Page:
Harvard Medical School tightened its policy on conflict of interest, banning faculty from receiving corporate gifts and meals and restricting them from speaking on behalf of companies.
The policy is “one of the most stringent of any medical college in the country,” the Boston-based medical school said today in an e-mailed statement. Dean Jeffrey Flier approved the revisions, which were produced by a review committee of 34 faculty members and will be introduced in January, Harvard said.
Harvard, Columbia University in New York and Johns Hopkins University’s medical school in Baltimore have stepped up oversight of interactions with companies following reports showing some doctors hold financial ties to companies whose products they were evaluating. Two of Harvard’s biggest affiliated hospitals announced their own set of stiffened conflict-of-interest guidelines in October.
“Within and outside industry, many recognize that industry and academia must seek a new model of academia- industry collaboration to achieve greater success at discovery and development of new treatments while fully protecting academic values and those of the medical profession,” Flier said in the statement.
Harvard University also adopted a campus-wide policy on conflict of interest, the Cambridge, Massachusetts-based school said on its website. The new policy was adopted by Harvard’s board, often called the President and Fellows of Harvard College, or the Harvard Corporation.
It’s the first time such a policy has been created to cover faculty members across the campus, the university said. The policy is intended to serve as a framework for schools to craft their own sets of conflict-of-interest guidelines, it said.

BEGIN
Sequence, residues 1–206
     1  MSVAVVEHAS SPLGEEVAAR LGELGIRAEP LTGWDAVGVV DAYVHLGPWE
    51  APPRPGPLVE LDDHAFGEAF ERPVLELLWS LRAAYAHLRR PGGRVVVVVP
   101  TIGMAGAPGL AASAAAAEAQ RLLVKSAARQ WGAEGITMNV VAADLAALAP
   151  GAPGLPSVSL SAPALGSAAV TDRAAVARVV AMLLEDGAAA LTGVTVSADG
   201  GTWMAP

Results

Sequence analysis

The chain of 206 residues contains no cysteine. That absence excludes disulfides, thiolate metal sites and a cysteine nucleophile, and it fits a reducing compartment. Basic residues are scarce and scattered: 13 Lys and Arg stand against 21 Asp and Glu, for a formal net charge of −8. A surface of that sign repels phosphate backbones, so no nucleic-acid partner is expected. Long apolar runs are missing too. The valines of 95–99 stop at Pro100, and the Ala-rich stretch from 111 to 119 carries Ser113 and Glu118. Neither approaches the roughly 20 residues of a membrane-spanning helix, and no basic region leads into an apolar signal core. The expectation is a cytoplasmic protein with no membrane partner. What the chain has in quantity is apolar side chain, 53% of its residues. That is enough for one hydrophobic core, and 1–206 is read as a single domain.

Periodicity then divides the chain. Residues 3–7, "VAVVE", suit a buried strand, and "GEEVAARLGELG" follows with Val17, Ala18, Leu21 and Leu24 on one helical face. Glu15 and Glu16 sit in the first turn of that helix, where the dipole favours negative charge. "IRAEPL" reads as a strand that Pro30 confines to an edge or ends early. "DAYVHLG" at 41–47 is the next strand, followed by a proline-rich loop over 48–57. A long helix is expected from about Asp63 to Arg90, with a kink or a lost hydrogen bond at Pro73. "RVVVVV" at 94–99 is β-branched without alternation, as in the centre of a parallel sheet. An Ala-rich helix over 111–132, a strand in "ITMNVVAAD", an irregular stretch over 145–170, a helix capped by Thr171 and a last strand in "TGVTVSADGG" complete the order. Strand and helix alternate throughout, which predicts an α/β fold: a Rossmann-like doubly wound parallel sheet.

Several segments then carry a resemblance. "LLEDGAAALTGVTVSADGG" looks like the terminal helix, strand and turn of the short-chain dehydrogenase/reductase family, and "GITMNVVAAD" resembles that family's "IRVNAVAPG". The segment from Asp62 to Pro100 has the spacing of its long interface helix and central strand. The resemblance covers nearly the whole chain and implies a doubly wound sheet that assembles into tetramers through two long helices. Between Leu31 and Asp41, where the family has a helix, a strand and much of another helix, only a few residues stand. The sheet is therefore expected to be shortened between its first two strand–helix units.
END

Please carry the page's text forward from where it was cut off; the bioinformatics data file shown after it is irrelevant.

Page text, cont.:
“We’re living in a period of history when the news media, the general public, and members of Congress and government agencies are very concerned that potential financial conflicts might interfere with the kind of objective exploration and reporting of science that is at the very heart of the academic enterprise,” said Harvard Provost Steven Hyman in the statement on its website.
The medical school was earlier stung by criticism when Senator Charles Grassley said Harvard psychiatrist Joseph Biederman failed to disclose some payments from drug companies while he conducted research recommending their medications for treating children with mental disorders. Grassley questioned the value of Biederman’s research on medicines.
The new guidelines update recommendations that Harvard Medical School first approved in 1990, the statement said. Under the new policy, all relevant financial interests of the school’s faculty will be disclosed on a website, it said. In addition to the prohibition on participation in speaker’s bureaus, faculty will be barred from speaking engagements that limit intellectual independence.
The medical school said it will continue to educate students, doctors-in-training and faculty members about the importance and potential pitfalls of such conflicts, and restrict drug and device sales officials from accessing the campus. Industry advertising programs and exhibits will also be separated from Harvard educational events, it said.
Harvard Medical School has more than 7,500 full-time faculty working at its campus and in its 17 affiliated hospitals and research institutes, it said.